Any homeowner, landlord or tenant will know the displeasure that finding mould in a property can cause. But, did you know how mould can cause wealth erosion and disputes? The Association of Independent Inventory Clerks (AIIC) has issued a warning.
It is known that property investments can go up or down in value, but, whether you are an accidental or buy-to-let landlord, or a seller, looking after your property will pay dividends.
According to a recent study, 60% of British property buyers would leave a viewing if the home had obvious damp patches or mould. Other research shows that, if there is mould in a property, it will take longer to let.
Danny Zane, the Chairman of the AIIC and Managing Director of My Property Inventories, says: “Properties that have seen mould growth and have been poorly attended to take longer to rent. Our members inform us that tenants who move into such properties view the property as unclean and request a full professional clean, even when a professional clean had already taken place. A full clean can cost anything between £195 + VAT and £310 + VAT for a one-bedroomed flat.”
Mould is a type of fungus that spreads through spores. If allowed to thrive and colonize, it will be more difficult to remove. It can penetrate a property’s walls, floors and ceilings, down to its structure. It can even make the property uninhabitable, making it difficult to let or sell.
If your property is part of a block of flats, mould could spread to other flats, too, and cause disputes with other property owners.
Zane explains how it forms: “In most instances, the combination of condensation and poor ventilation or poor insulation results in mould growth, which in turn is a major cause of dispute between a tenant and a landlord. Our members are trained to advise tenants at the time of check-in on how to keep the property ventilated and avoid deductions from their deposit when they leave. They are also trained to inform the landlord or his agent at check-out if they think the damage needs to be evaluated by an expert in the belief that parts of the property need maintenance.”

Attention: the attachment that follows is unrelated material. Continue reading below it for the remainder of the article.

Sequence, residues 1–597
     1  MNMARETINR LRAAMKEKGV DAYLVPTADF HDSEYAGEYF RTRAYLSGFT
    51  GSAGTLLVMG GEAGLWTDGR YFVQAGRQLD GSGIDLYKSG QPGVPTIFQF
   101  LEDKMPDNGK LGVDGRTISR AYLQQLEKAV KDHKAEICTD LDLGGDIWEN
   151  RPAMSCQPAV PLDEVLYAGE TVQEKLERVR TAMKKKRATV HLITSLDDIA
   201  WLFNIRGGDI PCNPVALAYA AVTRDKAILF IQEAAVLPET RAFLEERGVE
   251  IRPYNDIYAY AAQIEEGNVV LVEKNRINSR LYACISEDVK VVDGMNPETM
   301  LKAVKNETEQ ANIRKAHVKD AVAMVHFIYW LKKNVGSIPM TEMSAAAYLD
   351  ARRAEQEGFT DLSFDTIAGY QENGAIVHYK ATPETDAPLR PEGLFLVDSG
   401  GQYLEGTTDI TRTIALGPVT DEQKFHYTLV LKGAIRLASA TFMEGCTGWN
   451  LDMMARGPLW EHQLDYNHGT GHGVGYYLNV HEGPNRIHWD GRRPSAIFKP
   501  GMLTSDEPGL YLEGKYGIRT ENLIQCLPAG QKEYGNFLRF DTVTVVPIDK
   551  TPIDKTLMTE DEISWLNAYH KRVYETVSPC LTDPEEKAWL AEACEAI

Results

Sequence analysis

Simple steps that landlords can take to prevent mould growth involve ensuring that the heating works properly, that there are no leaks or blockages, chimneys are swept, the property is properly insulated, and window seals are replaced.
“As a Chairman of the AIIC, I heartedly recommend landlords and estate agents to engage independent inventory clerks for check-in and check-out reports, and take the clerks’ comments positively on board,” Zane urges. “This is because it is possible that landlords and agents may become too familiar with the property, to the point of overlooking or undermining certain areas.”
He adds: “Landlords may not always be pleased to hear what our members have to say, but they can find solace in the fact that it will be based on nothing else but unbiased, professional knowledge.”